Editor's Note

You Should Be Drinking a Martini at Jake’s Famous Crawfish Right Now

J’adore this old Portland warhorse.

By Zach Dundas August 15, 2016 Published in the September 2016 issue of Portland Monthly

Pomo 0916 editors note jakes yigezs

Image: Amy Martin

When you read this, I will be having a martini at Jake’s Famous Crawfish. In my mind, at least. That’s where I am, psychically, a lot of the time: a carefree and debonair presence at bar side, cooling the rigors of journalistic life in an inverted pyramid of arctic gin. Reality, of course, usually finds me far removed from the woody environs of a restaurant founded in 1892—sitting at my desk, surrounded by slimy food cart containers, for instance, or bleary-eyed at my kitchen counter, dawn-ish, slathering together PB&Js.

In this month’s raucous and wonderful feature on Portland’s food-scene history, we see trends rise and fall, influences wax and wane. You’ll find the Caesar that changed everything (cue ancient Rome–themed dad joke), our hardboiled OGs of seasonal/local/artisanal, the ur-pop-up. It’s an amazing story of change, as a city’s very DNA reconfigures around singular dishes and outsize personalities. And as such, it makes me appreciate places like Jake’s all the more: the fixed points in changing ages. Continuity is underrated as a restaurant specialty.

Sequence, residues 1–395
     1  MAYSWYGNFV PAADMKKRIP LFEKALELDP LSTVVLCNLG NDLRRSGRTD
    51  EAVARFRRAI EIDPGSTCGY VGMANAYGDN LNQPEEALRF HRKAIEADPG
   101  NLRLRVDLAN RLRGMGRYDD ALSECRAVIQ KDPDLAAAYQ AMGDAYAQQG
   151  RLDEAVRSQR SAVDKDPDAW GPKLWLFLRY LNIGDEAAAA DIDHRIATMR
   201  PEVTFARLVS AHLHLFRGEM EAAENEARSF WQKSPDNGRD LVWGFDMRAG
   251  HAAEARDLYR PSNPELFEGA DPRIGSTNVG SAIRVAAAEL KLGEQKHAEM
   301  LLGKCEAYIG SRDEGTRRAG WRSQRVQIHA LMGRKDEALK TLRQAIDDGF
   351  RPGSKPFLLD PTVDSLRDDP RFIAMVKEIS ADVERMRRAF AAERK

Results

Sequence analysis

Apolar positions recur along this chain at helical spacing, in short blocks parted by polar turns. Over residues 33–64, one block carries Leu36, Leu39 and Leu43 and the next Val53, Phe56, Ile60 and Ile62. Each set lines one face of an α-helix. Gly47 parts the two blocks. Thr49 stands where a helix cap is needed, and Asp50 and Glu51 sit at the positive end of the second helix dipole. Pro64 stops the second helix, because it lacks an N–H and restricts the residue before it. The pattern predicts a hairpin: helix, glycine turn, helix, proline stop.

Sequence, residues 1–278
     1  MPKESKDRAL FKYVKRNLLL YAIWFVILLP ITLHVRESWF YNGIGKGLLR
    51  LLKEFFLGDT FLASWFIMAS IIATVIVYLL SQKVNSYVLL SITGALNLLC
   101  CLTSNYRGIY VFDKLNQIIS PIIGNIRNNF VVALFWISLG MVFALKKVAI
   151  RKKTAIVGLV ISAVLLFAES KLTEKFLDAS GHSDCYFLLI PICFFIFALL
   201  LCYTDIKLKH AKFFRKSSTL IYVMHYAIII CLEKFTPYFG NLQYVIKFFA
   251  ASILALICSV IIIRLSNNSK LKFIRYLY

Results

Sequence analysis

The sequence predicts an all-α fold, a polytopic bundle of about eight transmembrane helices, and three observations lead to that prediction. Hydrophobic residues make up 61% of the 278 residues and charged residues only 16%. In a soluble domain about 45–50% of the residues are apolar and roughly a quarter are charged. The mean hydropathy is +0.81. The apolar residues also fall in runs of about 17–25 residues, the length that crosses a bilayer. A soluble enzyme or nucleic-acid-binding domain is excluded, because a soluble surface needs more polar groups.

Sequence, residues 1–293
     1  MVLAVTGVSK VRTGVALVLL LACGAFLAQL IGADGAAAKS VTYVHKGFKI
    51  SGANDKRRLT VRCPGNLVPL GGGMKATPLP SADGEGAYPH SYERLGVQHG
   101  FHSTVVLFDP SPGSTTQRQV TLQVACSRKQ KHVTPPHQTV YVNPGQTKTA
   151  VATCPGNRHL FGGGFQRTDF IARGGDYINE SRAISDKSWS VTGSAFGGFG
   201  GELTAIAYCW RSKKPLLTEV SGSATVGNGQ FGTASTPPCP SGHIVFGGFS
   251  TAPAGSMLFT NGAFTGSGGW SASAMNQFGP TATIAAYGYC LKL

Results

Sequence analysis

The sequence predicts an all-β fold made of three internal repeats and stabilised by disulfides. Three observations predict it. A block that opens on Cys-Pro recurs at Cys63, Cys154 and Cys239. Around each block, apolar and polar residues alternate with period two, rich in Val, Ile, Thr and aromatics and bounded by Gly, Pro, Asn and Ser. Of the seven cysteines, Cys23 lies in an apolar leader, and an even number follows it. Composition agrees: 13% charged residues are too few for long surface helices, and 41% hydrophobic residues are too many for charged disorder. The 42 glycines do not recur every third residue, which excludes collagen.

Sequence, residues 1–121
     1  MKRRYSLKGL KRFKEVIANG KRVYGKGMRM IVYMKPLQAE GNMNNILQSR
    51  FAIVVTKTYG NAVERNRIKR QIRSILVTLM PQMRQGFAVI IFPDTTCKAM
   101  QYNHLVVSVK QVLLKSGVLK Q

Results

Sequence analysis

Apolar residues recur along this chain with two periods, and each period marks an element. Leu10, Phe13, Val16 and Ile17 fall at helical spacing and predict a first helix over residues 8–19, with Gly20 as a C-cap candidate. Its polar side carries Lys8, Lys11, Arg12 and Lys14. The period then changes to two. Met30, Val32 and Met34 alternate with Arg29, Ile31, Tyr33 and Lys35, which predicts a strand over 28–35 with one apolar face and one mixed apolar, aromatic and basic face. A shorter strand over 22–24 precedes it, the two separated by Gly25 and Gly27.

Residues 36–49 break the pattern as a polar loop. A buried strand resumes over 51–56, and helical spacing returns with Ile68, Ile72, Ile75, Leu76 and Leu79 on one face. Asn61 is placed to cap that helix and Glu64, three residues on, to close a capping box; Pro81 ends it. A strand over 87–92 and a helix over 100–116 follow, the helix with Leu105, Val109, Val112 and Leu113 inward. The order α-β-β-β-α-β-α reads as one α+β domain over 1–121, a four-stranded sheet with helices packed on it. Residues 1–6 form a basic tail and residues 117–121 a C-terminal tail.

Life is what you make it, after all, and Jake’s plays its role in mine. Yes, I troop over to this Portland institution for lunch a dozen or so times a year. And sometimes that mental martini meets its actual counterpart. (Today might be a day, come to think of it.) Really, though, I treasure this old warhorse for what it is more than what it serves. I love the dark-stained wood on the walls, the almost-secret back bar, the frontier scenes rendered in oil. They hang the day’s sports section in the men’s room. Old-time music drones from hidden speakers; waiters uniformed in crisped whites and black ties attend with civilized efficiency. Doofus tourists or blowhard business types are almost always having a conversation they shouldn’t have in public. The blue plate runs $10 or less.

As onetime Jake’s regular Humphrey Bogart might have conceivably said to Ingrid Bergman, j’adore. Above all, I love that Jake’s is there, right where it was before World War I. If the gods of corporate ownership and real estate development smile upon it, Jake’s will still be there tomorrow. Let the whims of fashion and market come and go. Let decades roll on and the cost of a prix fixe rise. At the corner of SW 12th and Stark (for the foreseeable) and in my addled brain (for as long as it’s semifunctional), we’ll always have happy hour. 

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